Blue cheese marshmallows: Tom Clarke of Michelin restaurant L’Ortolan reveals his experimental side

The chef talks about new dishes he is working on, evolving old favourites and foraging for fresh flavours.

5 August 2019

As head chef of Reading’s only Michelin-star restaurant, L’Ortolan, Tom Clarke can often be found foraging for local ingredients like elderflower, greengages, Mirabelle plums, elderberries and cobnuts.

“When we put it on [the menu], we have it as a statement that it’s local produce, so we make it quite clear – and obviously it’s free food as well, which is good on one part from a business sense,” he tells Food Spark. “It’s also good training for the guys to understand what’s in season, what you’re looking for, when it’s ready to pick.”

Menu development is based around the seasons for Clarke – although he also turns to books and social media for inspiration.

“From there, we have a think about classic combinations and then throw something in there to spice it up a little bit,” he adds. “Like for instance, I’m playing around with a new lamb dish. So it’s a loin of lamb, we have a braised leg, some lamb sweetbreads and it’s served with peas, broad beans, and we will put in some anchovies for a little bit of saltiness.”

But it doesn’t mean Clarke hasn’t toyed with more whacky dish ideas – like a blue cheese marshmallow.

“We do a cheese course and I thought we would do something a little bit unusual, so I played with it,” he recalls. “In my head I thought it could be quite interesting, but the more I tried it I thought: ‘Let’s not muck around. If you can have cheese you are going to eat cheese in a raw state.’”

Dishes that delight

The food at L’Ortolan involves using French techniques with Asian influences and seasonal British produce, says Clarke, sometimes with a Nordic influence on presentation.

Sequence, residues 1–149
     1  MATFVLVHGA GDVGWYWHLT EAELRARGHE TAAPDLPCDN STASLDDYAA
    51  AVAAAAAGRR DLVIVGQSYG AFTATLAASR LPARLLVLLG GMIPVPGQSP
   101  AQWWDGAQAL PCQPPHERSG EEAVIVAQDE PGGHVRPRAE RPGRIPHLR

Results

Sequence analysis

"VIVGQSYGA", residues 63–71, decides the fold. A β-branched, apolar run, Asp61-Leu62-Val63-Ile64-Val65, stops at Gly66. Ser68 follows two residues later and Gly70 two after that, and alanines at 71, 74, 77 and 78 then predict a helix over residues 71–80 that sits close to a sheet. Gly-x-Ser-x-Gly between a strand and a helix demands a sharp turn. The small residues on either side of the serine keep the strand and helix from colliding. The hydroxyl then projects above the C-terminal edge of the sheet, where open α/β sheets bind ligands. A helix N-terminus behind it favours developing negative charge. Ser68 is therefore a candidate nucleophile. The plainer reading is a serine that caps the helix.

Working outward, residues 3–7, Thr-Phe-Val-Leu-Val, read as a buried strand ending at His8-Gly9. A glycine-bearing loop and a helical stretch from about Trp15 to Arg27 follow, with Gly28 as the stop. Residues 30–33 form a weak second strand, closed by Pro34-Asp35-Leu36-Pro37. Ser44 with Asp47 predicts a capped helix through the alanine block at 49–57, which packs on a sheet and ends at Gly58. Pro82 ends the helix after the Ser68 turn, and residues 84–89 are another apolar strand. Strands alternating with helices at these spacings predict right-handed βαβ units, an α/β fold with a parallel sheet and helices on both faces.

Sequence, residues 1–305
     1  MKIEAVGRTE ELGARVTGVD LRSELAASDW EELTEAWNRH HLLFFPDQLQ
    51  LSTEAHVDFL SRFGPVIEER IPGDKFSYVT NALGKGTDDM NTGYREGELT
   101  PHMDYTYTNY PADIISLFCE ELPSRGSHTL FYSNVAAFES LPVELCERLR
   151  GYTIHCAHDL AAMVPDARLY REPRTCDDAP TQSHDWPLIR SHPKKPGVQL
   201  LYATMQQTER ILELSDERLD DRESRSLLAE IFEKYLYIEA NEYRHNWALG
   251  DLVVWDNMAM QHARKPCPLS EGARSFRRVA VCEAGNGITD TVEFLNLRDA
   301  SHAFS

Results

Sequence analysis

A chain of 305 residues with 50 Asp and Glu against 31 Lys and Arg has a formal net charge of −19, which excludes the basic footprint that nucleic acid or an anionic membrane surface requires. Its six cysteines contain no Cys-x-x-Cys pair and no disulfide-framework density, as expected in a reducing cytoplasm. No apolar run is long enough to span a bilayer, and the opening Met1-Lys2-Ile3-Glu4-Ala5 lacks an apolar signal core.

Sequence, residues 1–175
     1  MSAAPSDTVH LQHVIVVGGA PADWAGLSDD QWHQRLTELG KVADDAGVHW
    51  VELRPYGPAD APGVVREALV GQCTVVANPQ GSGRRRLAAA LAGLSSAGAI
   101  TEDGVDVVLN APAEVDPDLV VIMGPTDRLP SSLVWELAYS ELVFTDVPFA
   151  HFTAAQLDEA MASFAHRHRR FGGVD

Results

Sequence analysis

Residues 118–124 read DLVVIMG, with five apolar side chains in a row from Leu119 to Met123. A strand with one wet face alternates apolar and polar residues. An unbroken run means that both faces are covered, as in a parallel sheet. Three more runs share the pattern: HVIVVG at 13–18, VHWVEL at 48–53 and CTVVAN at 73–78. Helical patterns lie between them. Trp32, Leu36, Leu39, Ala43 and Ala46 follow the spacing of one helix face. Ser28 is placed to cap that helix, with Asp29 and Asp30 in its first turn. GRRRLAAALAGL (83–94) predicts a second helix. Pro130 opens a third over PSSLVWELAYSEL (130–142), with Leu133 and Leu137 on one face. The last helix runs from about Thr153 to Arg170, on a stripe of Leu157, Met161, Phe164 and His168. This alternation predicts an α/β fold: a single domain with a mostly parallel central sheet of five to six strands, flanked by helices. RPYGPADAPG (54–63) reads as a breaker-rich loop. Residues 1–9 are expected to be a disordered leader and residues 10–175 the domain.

On the current menu, the halibut is one “hell of a dish,” according to Clarke. “It is poached in lemon oil, and then you’ve got some pickled mooli, some compressed cucumber and coriander, preserved lemon relish, some seaweed that is dressed with ponzu dressing, and then candied lemon zest, caviar, coriander crest and flowers. Then it’s finished off with a cucumber and wasabi beurre blanc,” he says.

“The flavours are nice and well balanced from my point of view, and the preserved lemon gives it an extra kick. For this kind of weather it works so nicely, it’s not too heavy, it’s quite light and it’s been selling quite well.”

But it’s not just new dishes that matter to Clarke, who is also proud of the evolution of the goose liver parfait, which is always on the menu but changes with the seasons. Previously, he has used ingredients like rhubarb and pineapple, but peaches are the star of the show this season.

“We have a red peach gel, a sweet wine jelly, a yellow peach chutney, some compressed yellow peach. We have done a peach meringue and then we’ve got a duck ham and then we flavour it up,” he says.

While fine dining will always have a place, Clarke can see a movement towards more casual eating in the UK, as people don’t want to worry about how they are dressed or their seating. More generally, he also believes Mexican flavours will grow as an influence on the food we eat.

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